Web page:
Our virtual Literary Tours take us to literary and artistic destinations of all kinds. This time, we travel to the villages of Sleepy Hollow and neighboring Tarrytown, New York, which capitalize upon the scare factor of some of Washington Irving’s tales such as “The Legend of Sleepy Hollow” in which Irving wrote:
They are given to all kinds of marvellous beliefs, are subject to trances and visions, and frequently see strange sights, and hear music and voices in the air. The whole neighborhood abounds with local tales, haunted spots, and twilight superstitions…
Washington Irving’s Home, “Sunnyside”: Charming (not Haunted)
Local visitors’ guides entice tourists by offering blazing pumpkin trails, haunted hayrides, and cemetery tours; perhaps even a glimpse of the headless horseman himself. I expected Irving’s home to offer a similar mysterious, haunted vibe. Rather than the literary equivalent of a haunted house, however, Irving’s home, “Sunnyside, ” is a charming, quirky cottage nestled on the east bank of the Hudson River. Overhung by a massive and elegant wisteria vine planted by Irving himself, Sunnyside sits among ornate gardens, abundant trees, and sloping paths while overlooking the Hudson near its widest point.
An essayist, historian, lawyer, and diplomat, Washington Irving purchased the property in 1832 and began refurbishing the run-down cottage with the assistance of neighboring artist George Harvey. Having traveled extensively in Europe, Irving incorporated into his home a number of architectural design elements influenced by his years abroad. A tower added in 1847, which provided rooms for household servants, was influenced by monastic architecture Irving had observed during his years traveling in Spain. Reflecting the romanticism of the era in which he wrote, Irving’s home is filled with a number of unusual dormers, nooks, and alcoves that convey a sense of playfulness and whimsy.
Literary Tour of Sunnyside
Costumed interpreters guide visitors through each of the rooms of Sunnyside and speak with warmth, knowledge, and affection about Irving and his influence in early American history. Irving’s study is preserved in exact detail, including his personal library of books and writing desk given to him by publisher G.P. Putnam. Tucked in an alcove behind his desk, and hidden by floor-length red curtains, was a bed on which Irving could enjoy a nap in the midst of his writing days.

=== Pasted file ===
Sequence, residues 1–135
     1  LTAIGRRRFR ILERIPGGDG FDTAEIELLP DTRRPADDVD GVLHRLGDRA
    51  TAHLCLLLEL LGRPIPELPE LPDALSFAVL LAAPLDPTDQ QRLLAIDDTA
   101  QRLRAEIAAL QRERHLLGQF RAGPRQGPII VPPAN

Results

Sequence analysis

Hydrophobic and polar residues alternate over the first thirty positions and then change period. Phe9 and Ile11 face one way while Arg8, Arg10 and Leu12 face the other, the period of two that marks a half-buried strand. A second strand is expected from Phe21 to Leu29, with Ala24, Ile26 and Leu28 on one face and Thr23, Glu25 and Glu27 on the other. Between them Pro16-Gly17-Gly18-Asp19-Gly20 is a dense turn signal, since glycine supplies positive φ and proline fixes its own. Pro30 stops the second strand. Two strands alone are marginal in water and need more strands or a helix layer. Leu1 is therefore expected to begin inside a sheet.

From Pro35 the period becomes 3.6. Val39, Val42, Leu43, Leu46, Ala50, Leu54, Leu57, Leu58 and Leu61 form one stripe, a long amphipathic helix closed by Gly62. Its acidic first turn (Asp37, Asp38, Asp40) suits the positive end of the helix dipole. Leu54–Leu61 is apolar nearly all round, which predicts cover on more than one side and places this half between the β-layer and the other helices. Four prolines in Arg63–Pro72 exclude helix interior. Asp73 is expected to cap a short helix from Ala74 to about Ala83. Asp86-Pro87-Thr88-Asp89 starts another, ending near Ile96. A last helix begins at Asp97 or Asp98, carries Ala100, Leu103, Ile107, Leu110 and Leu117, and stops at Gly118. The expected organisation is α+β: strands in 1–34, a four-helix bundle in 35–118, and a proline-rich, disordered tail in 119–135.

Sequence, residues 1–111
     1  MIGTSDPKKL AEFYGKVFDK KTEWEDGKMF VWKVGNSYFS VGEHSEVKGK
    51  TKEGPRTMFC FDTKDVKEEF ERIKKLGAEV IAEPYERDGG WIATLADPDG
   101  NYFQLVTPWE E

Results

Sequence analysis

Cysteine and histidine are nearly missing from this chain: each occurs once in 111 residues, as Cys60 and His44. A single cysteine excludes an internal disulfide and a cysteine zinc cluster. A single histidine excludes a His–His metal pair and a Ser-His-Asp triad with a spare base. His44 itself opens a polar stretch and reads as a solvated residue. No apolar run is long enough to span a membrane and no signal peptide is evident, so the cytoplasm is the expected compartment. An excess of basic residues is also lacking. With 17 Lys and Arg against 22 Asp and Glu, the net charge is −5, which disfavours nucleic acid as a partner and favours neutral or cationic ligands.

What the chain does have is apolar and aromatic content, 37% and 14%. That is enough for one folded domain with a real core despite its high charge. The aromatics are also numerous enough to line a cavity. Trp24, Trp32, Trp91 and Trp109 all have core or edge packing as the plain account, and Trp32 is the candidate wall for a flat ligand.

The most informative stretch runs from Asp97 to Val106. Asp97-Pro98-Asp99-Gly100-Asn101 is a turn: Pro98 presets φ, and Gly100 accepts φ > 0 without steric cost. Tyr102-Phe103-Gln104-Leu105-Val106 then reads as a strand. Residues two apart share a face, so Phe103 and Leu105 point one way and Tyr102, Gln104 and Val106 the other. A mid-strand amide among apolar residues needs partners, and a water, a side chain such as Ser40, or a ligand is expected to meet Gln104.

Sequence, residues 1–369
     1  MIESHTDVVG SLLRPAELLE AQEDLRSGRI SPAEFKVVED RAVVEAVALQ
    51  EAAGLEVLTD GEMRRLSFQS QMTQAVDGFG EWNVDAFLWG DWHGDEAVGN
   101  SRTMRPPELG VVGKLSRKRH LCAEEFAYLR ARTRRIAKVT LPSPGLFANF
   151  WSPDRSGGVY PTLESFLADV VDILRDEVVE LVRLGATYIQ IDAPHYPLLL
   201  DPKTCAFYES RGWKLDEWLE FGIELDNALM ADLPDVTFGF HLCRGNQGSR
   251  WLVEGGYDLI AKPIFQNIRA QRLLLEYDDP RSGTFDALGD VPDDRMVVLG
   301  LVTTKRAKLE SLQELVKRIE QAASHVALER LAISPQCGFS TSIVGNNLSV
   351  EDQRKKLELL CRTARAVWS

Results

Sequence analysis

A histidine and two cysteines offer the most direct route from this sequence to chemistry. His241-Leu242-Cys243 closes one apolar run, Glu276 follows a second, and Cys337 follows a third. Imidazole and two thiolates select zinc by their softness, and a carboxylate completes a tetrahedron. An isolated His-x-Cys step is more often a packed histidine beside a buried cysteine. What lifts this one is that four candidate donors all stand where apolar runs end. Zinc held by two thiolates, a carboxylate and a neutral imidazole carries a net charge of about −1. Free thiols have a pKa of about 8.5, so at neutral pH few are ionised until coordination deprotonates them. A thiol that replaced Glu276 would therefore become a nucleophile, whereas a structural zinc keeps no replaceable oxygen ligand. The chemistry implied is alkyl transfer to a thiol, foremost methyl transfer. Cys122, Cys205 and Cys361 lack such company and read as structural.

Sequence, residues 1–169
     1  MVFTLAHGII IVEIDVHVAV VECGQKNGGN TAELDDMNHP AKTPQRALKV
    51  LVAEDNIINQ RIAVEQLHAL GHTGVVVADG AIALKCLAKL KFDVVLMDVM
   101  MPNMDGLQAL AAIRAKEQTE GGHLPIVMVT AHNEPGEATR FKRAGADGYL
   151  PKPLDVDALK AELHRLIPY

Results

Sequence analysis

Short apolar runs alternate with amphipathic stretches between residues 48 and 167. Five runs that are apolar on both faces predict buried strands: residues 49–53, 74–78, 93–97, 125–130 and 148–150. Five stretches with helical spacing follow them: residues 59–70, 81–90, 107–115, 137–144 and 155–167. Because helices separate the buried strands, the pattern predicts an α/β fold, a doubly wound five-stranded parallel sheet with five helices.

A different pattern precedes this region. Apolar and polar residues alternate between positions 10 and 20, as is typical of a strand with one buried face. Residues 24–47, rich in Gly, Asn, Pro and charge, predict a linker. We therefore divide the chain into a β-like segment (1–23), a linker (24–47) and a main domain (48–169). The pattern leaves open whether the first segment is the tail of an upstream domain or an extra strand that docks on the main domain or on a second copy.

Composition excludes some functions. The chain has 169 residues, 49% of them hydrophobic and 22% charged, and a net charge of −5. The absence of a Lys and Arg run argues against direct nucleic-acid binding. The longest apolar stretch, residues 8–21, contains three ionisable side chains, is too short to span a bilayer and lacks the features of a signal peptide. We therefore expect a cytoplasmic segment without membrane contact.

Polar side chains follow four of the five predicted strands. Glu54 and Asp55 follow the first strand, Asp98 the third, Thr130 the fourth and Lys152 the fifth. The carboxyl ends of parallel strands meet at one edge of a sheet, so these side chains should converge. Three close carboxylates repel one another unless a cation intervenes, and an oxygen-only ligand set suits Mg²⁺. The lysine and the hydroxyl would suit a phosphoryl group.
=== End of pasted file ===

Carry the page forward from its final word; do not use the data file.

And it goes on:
A number of Irving’s personal artifacts, including sketches, paintings, and handwritten notes, are currently on display for the first time at Sunnyside. A sketch drawn and annotated by Irving himself details his vision for the architectural lines he wanted to incorporate into one of the bedrooms. His handwritten note also reveals the masterful storyteller possessed grammar and spelling skills which, in the words of the interpreter, were god-awful. At the time Irving wrote, however, Noah Webster was still in the process of completing his first American dictionary and standardizing the English language for the New World.
Irving’s home reflects not only his life as a writer, but also the times in which he wrote. Named after George Washington, Irving was introduced to the President as a young boy and entertained a number of presidents and statesmen within his modest, yet gracious, home. Having originally designed the front bedroom overlooking the Hudson to be his own, Irving relinquished the room as guest space because of noise generated upon the completion of Tarrytown rail service near his home.
Washington Irving’s Family
Although Irving never married, he was surrounded by loving family members. Irving welcomed his brother Ebenezer and his daughter into his home from New York City after they lost their fortune in the financial crisis of 1837. Knowing how much his brother missed living in the city, Irving had The Wall Street Journal delivered daily to his home. He also arranged to have the family’s piano relocated from their former home to Sunnyside. Atop the piano remain collections of music played by Irving’s nieces, including a copy of sheet music for “The Sunnyside Waltz, ” composed by Henry T. Oates perhaps to reflect the whimsy and mirth often present within the Tarrytown estate.
In his final years, while suffering pain and unable to climb into his bed, Irving slept in a reclining chair and was attended by a nephew who occupied a sleeping porch adjacent to his uncle’s bedroom. Washington Irving died in his room in 1859 at the age of 76, eight months after completing his comprehensive biography of George Washington. He is buried in Sleepy Hollow cemetery, another prominent tourist stop for those seeking to round out their literary tours with a spine-tingling adventure.
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Irving, Washington (2013-10-09). Washington Irving Classics: The Sketch-Book of Geoffrey Crayon With The Legend of Sleepy Hollow, & Tales of a Traveller (Kindle Location 5230). Pearl Necklace Books. Kindle Edition.
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